Birding in the Hudson Valley

Blue Bunting

Blue Bunting

With the onset of spring, the spring birds are starting to appear! Spring is a great time for birding walks, as birds are most active in the spring and fall, and in some cases more colorful as well! Many different species find homes here because the region has such a variety of habitats from fields, to mountains to woodlands, as well as marshes, springs and lake areas. Almost two hundred species of birds live and breed in the Hudson Valley area, and numerous others migrate through on the eastern migration flyway which runs through the valley.

Identifying birds is a four step process. First, judge the bird’s size and shape, Second, look for its predominant color pattern and any markings it may have. Third, take note of its behavior: how it flys for example, does it swoop up and down? soar on the wind? land on a branch from above or fly up to it from below, and factor in what habitat it’s in. Identifying these details can more accurately find what type and species of bird it may be. Remember because the Hudson Valley is on the eastern migration flyway you may catch a glimpse of a rare migratory bird passing through.

A few tips to remember when you go birding, if you find baby birds on the ground, the first temptation is to pick them up and try to replace them in a nest if it’s reachable. It is a good rule of thumb to wear gloves (preferably plastic) if doing this for several reasons. One, birds do carry mites and harbor other bacteria, and some bird species will not re-accept a baby bird if it smells like a human being. Immature birds just learning to fly may be also be on their first flights, and have a parent close by watching (which you may not be able to see). Sharon Audubon has a nice list of dos and don’ts as well to keep in mind on your birding walks.

All you need for bird watching is a good bird field guide and a set of binoculars. To make your hike more interesting, bring a camera (or smart phone) and a journal, you never know what you might come across that you may want to take a picture of, or to draw a quick sketch of.  Many field guides are now also available as smartphone apps. Audubon Birds, A Field Guide to North American Birds and BirdsEye Bird Finding Guide  as well as CornellLab Bird Q&A.  A terrific resource of where to go birding locally in the Hudson Valley can be found here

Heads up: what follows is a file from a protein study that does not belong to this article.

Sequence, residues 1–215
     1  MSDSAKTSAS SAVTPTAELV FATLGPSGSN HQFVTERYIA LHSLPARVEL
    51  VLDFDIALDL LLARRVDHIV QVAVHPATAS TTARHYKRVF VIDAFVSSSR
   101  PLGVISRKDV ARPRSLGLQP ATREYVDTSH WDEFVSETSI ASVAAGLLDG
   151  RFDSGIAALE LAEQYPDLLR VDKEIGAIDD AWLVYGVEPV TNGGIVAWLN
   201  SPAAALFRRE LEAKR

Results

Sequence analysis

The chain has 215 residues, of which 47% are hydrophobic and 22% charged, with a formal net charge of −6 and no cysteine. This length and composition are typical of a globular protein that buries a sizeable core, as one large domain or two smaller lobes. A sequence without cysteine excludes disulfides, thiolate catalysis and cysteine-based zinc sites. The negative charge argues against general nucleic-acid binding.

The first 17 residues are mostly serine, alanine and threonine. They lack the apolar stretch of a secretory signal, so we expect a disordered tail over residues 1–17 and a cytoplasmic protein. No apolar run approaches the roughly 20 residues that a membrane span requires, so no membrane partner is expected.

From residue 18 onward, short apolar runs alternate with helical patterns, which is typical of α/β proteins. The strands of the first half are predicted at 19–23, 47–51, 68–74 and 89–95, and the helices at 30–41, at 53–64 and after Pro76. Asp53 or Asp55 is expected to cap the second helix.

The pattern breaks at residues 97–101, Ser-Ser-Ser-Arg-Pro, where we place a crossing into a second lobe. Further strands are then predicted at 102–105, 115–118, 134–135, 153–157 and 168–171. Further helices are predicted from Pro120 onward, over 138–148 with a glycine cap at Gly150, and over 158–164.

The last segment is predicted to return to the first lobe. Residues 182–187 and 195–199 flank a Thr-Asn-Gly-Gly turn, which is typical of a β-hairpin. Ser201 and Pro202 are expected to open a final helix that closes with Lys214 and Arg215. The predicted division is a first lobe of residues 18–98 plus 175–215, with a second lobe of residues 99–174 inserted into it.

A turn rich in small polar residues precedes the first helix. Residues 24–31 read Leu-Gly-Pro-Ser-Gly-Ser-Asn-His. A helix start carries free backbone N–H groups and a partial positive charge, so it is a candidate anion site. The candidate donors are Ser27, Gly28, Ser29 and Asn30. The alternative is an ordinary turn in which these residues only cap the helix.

Some upcoming events of interest locally this weekend to come check out!

Maplefest and Maple Bake Sale at the Sharon Audubon Center
(Less than 10 minutes from Amenia)
Saturday, March 19th, 2016, 10:00 am-4:00 pm
Admission: $6 Adults, $4 Children 12 and under
On-going guided 45-minute tours will lead visitors through the Center’s sugaring operation, including a working sugarhouse and a re-creation of Native American and early colonial sugaring methods.  Participants can watch as pure sugar maple sap is collected from the trees and turned into delicious maple syrup.  Fresh syrup will be available for purchase while supplies last.  Admission for the event is $6.00 adults and $4.00 children (2 and under free.) Wear warm clothes and boots, as much of the tour is outdoors.
Visit Sharon Audubon for more information.

Maple Weekends at the home of Crown Maple at Madava Farms
(Less than 15 minutes from Amenia)
Saturday, March 19, 2016 to Sunday, March 20, 2016
Enjoy everything from complimentary maple syrup and maple sugar tastings to maple cotton candy, and even maple popcorn! No tickets required
Visit Crown Maple at Madava for more information.

Facebooktwittergoogle_pluslinkedintumblrFacebooktwittergoogle_pluslinkedintumblr